CANBERRA, Nov 24 – U.S. wheat futures rose for a fourth consecutive session on Wednesday, as concerns about global supplies pushed prices to a near nine-year high.
The most-active wheat futures on the Chicago Board Of Trade were up 0.3% at $8.70 a bushel, as of 0126 GMT, near the session high of $8.71 a bushel – their highest since December 2012. Wheat gained 1.2% on Tuesday.
- The most-active soybean futures were up 0.3% at $12.76-1/2 a bushel, having closed little changed in the previous session.
The most active corn futures were little changed at $5.80-1/4 a bushel, having gained 0.7% in the previous session.
Concerns about tightening global supplies have supported wheat prices, as rains stalled harvesting in Australia and threatened grain quality. Flooding has also disrupted shipments from western Canada, while prices in Russia, the world’s top wheat exporter, have climbed steadily.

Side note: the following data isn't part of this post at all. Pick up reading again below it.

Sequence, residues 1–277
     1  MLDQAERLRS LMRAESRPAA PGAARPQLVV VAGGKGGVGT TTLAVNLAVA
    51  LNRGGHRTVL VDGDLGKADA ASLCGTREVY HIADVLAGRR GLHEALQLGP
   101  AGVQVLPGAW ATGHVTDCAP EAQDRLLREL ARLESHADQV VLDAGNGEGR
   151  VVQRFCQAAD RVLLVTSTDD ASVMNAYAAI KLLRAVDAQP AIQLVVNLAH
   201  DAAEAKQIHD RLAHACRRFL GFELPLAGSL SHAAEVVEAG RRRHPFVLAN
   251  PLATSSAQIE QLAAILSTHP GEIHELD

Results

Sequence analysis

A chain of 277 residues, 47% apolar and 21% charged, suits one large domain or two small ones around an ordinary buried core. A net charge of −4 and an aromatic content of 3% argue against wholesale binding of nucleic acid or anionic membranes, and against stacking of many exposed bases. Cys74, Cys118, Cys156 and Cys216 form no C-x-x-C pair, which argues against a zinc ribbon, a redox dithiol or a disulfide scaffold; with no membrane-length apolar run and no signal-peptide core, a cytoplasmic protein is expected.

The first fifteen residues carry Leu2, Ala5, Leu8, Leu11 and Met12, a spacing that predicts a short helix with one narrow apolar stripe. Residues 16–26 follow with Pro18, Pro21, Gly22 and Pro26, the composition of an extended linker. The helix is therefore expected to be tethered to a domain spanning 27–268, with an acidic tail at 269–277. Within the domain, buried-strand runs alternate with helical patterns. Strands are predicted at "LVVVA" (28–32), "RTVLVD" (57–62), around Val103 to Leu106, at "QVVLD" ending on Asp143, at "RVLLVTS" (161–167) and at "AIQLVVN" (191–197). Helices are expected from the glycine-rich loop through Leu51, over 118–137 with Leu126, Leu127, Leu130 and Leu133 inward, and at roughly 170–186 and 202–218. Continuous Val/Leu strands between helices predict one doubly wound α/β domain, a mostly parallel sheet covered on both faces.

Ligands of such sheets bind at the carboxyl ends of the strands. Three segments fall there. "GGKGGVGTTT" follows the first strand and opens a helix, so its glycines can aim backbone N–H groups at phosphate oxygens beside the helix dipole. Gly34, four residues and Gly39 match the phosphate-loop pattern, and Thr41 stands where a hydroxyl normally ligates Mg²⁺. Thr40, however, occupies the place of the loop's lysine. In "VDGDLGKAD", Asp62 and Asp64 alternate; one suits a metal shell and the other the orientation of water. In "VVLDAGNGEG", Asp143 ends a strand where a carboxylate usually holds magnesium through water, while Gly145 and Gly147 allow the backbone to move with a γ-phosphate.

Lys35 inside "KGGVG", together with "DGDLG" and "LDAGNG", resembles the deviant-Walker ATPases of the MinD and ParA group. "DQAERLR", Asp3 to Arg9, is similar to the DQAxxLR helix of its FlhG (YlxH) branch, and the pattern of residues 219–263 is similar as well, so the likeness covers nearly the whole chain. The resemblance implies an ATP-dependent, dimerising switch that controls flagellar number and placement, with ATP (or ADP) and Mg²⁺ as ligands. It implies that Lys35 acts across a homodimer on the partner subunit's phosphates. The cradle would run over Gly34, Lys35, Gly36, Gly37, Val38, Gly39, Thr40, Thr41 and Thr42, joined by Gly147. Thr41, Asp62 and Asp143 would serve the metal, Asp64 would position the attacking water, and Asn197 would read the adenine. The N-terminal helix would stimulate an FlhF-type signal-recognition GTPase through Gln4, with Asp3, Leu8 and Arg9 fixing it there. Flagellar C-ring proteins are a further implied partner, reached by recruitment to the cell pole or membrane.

Dry conditions in the U.S. winter wheat belt also fuelled early worries about next year’s harvest.
The U.S. Department of Agriculture (USDA) said on Monday that 44% of the U.S. winter wheat crop was in good-to-excellent condition, down from 46% a week earlier. Analysts on average had expected an unchanged score.
* The dollar paused for a breath after surging with bets on higher rates when Jerome Powell was picked for a second term as Federal Reserve chair, while the New Zealand dollar was on edge ahead of a central bank decision on a rate-hike path.
- A coordinated release from government oil reserves led by the United States may add about 70 million to 80 million barrels of crude supply, smaller than the more-than-100 million barrels the market has been pricing in, analysts at Goldman Sachs said.
Wall Street shares were mixed on Tuesday and the dollar slipped from a 16-month high as investors positioned for interest rate hikes in 2022 after Federal Reserve Chairman Jerome Powell was nominated for a second term.
Reporting by Colin Packham; Editing by Rashmi Aich